Broadcasting in unreliable radio networks

Fabian Kuhn, Nancy Lynch, Calvin Newport, Rotem Oshman, Andrea Richa

Research output: Chapter in Book/Report/Conference proceedingConference contribution

42 Scopus citations


Practitioners agree that unreliable links, which sometimes deliver messages and sometime do not, are an important characteristic of wireless networks. In contrast, most theoretical models of radio networks fix a static set of links and assume that these links work reliably throughout an execution. This gap between theory and practice motivates us to investigate how unreliable links affect theoretical bounds on broadcast in radio networks. To that end we consider a model that includes two types of links: reliable links, which always deliver messages, and unreliable links, which sometimes fail to deliver messages. We assume that the reliable links induce a connected graph, and that unreliable links are controlled by a worst-case adversary. In the new model we show an Ω(n log n) lower bound on deterministic broadcast in undirected graphs, even when all processes are initially awake and have collision detection, and an Ω(n) lower bound on randomized broadcast in undirected networks of constant diameter. This separates the new model from the classical, reliable model. On the positive side, we give two algorithms that tolerate unreliability: an O(n3/2√log n)-time deterministic algorithm and a randomized algorithm which terminates in O(n log2 n) rounds with high probability.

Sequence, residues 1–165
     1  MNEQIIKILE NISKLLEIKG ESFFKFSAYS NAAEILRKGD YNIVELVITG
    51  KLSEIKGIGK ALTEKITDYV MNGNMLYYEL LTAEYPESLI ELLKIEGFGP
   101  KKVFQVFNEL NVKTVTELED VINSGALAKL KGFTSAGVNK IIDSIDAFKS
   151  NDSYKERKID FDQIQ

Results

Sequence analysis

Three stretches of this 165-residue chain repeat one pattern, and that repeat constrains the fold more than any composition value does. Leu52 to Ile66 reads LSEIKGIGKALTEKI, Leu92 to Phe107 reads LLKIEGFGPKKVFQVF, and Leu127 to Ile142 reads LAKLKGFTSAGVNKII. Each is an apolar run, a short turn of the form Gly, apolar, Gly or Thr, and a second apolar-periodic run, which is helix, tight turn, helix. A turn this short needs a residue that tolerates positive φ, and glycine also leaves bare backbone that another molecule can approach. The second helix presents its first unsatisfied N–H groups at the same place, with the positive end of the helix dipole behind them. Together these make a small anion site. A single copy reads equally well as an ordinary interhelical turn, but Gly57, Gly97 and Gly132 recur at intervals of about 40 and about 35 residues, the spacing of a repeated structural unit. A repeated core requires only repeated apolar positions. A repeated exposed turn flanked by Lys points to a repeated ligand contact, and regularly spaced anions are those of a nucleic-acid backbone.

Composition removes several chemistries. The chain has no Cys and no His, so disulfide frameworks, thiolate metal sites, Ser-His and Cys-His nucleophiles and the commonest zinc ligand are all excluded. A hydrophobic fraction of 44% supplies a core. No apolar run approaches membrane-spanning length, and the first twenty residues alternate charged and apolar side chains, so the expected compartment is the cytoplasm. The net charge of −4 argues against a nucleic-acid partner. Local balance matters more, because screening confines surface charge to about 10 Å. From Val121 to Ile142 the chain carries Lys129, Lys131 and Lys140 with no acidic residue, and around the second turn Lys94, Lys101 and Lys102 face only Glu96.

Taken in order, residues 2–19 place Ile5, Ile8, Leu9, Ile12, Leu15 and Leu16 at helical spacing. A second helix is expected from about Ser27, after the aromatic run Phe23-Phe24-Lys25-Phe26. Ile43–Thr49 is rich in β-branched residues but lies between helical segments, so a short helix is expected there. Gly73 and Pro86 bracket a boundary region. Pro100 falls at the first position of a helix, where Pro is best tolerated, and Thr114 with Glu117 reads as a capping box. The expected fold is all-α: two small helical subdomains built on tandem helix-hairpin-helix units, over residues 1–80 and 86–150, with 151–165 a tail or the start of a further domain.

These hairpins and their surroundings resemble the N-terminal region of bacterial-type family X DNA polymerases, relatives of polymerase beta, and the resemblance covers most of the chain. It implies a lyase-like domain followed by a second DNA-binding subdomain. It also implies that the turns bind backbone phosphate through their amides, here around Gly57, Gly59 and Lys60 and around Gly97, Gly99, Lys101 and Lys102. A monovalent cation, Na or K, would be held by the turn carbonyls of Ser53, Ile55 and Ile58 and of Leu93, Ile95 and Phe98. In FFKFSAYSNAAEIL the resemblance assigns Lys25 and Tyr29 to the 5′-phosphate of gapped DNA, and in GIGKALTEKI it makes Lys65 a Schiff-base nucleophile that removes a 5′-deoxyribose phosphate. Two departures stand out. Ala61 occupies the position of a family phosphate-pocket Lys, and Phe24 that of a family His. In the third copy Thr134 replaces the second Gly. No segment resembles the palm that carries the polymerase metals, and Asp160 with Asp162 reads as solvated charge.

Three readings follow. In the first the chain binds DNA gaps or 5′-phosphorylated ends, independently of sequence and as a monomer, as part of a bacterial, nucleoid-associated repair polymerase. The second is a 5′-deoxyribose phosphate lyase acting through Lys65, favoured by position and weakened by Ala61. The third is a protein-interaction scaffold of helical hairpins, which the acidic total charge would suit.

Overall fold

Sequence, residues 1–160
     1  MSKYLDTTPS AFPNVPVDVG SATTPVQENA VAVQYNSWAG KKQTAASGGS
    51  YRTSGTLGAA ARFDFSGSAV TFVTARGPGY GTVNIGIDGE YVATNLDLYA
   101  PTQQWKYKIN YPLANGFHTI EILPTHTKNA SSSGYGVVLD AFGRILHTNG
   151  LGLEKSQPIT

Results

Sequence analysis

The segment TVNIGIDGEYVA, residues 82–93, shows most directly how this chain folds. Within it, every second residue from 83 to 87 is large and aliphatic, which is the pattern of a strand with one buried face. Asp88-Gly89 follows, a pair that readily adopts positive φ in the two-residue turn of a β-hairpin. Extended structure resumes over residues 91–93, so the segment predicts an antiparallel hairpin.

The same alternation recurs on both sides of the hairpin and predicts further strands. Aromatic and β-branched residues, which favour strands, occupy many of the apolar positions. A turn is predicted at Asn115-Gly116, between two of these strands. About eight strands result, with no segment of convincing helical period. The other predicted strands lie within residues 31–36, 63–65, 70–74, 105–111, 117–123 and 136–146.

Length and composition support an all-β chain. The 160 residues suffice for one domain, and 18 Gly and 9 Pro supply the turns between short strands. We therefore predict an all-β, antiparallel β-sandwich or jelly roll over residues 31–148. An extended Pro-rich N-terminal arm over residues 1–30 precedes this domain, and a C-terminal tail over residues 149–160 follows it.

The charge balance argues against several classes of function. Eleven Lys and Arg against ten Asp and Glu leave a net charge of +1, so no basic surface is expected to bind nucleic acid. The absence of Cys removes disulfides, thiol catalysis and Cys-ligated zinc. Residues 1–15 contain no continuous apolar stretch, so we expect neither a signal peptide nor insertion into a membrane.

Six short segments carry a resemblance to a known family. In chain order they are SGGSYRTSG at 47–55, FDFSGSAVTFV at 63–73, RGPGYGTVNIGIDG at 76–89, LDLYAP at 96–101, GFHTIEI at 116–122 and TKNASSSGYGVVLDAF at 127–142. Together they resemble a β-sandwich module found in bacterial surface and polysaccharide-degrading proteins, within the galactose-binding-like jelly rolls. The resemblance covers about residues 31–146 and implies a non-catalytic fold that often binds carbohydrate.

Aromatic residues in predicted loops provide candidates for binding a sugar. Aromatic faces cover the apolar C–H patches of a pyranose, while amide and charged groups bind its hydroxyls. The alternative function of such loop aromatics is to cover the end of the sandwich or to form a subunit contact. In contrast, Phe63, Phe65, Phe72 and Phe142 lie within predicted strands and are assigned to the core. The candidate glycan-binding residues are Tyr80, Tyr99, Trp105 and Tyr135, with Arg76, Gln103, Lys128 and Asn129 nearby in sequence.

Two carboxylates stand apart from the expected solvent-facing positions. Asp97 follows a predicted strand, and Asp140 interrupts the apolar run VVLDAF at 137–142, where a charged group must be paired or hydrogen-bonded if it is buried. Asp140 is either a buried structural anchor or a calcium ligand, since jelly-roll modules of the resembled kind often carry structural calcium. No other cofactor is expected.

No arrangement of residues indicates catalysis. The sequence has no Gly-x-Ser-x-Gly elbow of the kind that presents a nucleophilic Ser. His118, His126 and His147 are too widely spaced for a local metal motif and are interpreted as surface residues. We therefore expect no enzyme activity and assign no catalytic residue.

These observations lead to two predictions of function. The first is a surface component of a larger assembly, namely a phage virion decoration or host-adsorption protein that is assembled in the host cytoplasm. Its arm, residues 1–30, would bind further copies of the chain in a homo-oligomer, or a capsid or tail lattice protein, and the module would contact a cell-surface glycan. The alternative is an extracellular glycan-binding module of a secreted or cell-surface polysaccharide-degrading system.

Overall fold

Original languageEnglish (US)
Title of host publicationPODC'10 - Proceedings of the 2010 ACM Symposium on Principles of Distributed Computing
Number of pages10
StatePublished - 2010
Event29th ACM SIGACT-SIGOPS Symposium on Principles of Distributed Computing, PODC 2010 - Zurich, Switzerland
Duration: Jul 25 2010Jul 28 2010

Publication series

NameProceedings of the Annual ACM Symposium on Principles of Distributed Computing


Conference29th ACM SIGACT-SIGOPS Symposium on Principles of Distributed Computing, PODC 2010


  • Broadcast
  • Dual graphs
  • Unreliable networks

ASJC Scopus subject areas

  • Software
  • Hardware and Architecture
  • Computer Networks and Communications


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